Anna Kerrigan’s Cowboys is a family drama full of emotion and nuance that stays true to itself. This intimate story is as honest as they come.
Mentally troubled but well-intentioned Troy (Steve Zahn) has recently separated from his wife Sally (Jillian Bell), he takes his young transgender son Joe (Sasha Knight) off through the mountains of Montana to make a break for Canada after Sally refuses to take Joe’s transition seriously. With the police hot on their tail, they try to keep a low profile, which is harder than they would ever hope.
While we follow the abduction in the present, we are allowed to see what caused Troy to take Joe away through the mountains. As we find out, Troy was simply doing what he thought was best for his son. As Detective Faith Erickson (Ann Dowd) discovers more of these events in her investigation, she becomes the audience, learning and reacting as we do. She wants no harm to either male, and while all around her in the tactical team feel Troy is a danger to his son. When, in fact, the only person Joe feels safe around, despite their sparse predicament is his father.
Kerrigan’s naturalistic script allows Bell and Zahn to tone down their comedic talents. Bell surprises with how she grapples with Sally’s character, and towards the finale, you feel even more for her as she makes an important decision. The fact that all of the cast have terrific chemistry benefits Cowboys greatly; Bell and Zahn feel like a couple who have had their struggles, yet with their spark never truly dying away, they are emotional magnets to one another.
What is sometimes forgotten in all of Steve Zahn’s performances as the comedic side character is how good a dramatic actor he can be. His turn here has a lot of what you would expect from a standard Zayn performance with his facial reactions and well-crafted comedic timing. When we see Troy struggle with his illness, we see the true scope of Zahn’s capabilities. By sticking loyally with his son’s decision to come out as a male, Zahn captures magic with this charismatic yet complicated man.
With Kerrigan making sure to hire a child who was trans or non-binary so they could fully understand the complexities of the role (who better than someone currently going through it). A better sense of realism is brought to the film, and Sasha Knight does wonders here. Even if he isn’t given as much to do as we would like. His talents further show near the end of the film as Troy and Joe are inevitably tracked down. When Troy and Joe have their own argument your feelings pour out for him as not only is he dealing with a lot within his own body, but to witness his fathers decline as their trip continues to torture him further in his young mind.
Bell perhaps has the hardest job of all of the cast. Having to play a sympathetic character who is also as emotionally confused about her son’s decision as you would expect any parent to be. The fact Kerrigan decides to remove any violent tendencies from Sally (and Troy) towards Joe is greatly welcomed.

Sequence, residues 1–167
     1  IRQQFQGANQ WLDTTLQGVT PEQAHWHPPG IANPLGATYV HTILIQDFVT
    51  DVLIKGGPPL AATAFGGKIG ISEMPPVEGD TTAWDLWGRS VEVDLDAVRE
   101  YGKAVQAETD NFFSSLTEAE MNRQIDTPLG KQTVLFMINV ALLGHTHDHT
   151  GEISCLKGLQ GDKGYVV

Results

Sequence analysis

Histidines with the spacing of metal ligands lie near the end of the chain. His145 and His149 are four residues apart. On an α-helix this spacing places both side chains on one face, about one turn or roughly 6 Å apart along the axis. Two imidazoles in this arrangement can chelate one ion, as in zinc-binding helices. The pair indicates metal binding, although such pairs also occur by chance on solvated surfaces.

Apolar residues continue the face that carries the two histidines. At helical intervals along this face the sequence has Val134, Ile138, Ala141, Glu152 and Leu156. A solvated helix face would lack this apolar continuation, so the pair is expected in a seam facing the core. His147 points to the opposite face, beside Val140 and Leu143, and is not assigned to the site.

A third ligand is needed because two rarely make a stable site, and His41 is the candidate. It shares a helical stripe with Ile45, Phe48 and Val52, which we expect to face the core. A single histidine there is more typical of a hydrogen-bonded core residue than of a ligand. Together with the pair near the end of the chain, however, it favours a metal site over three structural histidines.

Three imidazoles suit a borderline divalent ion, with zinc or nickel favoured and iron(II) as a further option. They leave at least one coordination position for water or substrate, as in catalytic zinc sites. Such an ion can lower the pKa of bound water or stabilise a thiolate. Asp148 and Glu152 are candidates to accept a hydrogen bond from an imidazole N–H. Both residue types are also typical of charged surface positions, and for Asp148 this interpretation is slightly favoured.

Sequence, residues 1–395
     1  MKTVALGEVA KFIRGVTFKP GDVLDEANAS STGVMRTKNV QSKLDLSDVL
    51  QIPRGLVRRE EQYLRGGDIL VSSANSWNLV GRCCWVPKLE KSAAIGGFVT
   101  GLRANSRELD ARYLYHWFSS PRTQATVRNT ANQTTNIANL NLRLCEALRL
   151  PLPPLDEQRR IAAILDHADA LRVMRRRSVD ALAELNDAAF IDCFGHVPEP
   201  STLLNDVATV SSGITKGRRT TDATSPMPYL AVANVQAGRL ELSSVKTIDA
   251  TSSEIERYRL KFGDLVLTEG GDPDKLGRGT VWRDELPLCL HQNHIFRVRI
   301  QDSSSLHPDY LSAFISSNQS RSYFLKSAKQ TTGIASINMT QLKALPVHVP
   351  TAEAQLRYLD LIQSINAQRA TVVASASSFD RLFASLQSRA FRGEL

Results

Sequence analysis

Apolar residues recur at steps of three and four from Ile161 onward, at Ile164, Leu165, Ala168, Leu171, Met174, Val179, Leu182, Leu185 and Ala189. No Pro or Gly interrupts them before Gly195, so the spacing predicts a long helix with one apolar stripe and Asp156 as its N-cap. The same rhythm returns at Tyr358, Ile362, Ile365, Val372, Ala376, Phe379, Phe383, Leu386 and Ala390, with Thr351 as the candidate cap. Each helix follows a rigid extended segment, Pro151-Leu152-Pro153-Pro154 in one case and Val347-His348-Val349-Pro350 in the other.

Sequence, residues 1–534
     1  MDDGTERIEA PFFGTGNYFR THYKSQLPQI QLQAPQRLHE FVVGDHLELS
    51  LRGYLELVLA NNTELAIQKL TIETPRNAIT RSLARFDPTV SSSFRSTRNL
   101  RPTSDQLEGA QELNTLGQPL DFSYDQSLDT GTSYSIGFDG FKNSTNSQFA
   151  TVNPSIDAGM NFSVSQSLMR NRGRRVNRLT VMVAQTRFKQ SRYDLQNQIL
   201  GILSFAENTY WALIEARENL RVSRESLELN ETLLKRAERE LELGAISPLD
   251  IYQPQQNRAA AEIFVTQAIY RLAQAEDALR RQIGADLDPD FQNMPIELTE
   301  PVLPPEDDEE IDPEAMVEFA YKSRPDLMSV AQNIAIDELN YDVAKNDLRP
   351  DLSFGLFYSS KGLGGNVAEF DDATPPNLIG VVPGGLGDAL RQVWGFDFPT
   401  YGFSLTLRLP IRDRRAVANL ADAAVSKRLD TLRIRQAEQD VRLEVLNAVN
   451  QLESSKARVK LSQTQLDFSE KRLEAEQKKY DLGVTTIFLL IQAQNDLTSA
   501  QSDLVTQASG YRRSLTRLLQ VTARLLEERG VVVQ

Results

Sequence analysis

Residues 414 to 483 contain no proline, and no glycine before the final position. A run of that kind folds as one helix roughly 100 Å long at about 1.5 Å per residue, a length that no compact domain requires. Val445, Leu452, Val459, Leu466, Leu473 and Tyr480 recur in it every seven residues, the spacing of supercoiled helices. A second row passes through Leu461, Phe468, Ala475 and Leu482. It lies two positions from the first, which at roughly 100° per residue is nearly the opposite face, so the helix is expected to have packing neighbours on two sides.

Her typically conservative mother performance allows for her turn to be all the more impactful. Sally loves her son dearly; she was just never prepared for what comes. She has several heartbreakingly honest scenes with Zahn, in which she puts the blame on him for Joe’s decision. The feeling that she has failed as a parent because she is too stern, so why would a girl want to still be a girl when their mother figure is continually the bad guy? Her confused nature bleeds out on the screen, and even if you are against her at the start, you feel for her.
This timely juxtaposition of having Joe reveal to his father the truth about his feelings towards his body first, and the fact that Troy accepts it immediately with Sally being the one to reject the change is refreshing. It is often the patriarch of the family who rejects the claims. So to have a father figure do everything for his son to be comfortable within himself brings more freedom to Cowboys. Yet as we know, children do not always have one accepting parent, never mind two. Yet Kerrigan writes Sally’s confusion and angst to Joe’s decision very well.
As mentioned, as well as the film does show the relationship between parents and their child in such a circumatance.Cowboys never delves in enough with Joe. As compelling as Zahn and Bell are as the differing parents, we need to see more of how everything is effecting Joe, especially considering how omnipresent he is in the film. More time viewing the film from his perspective are needed.
However, Cowboys is still an excellent picture and one that deserves to find its audience, and with some luck, it will. It is too good not to.
To view more of our coverage of BFI Flare, please check out our other reviews below.
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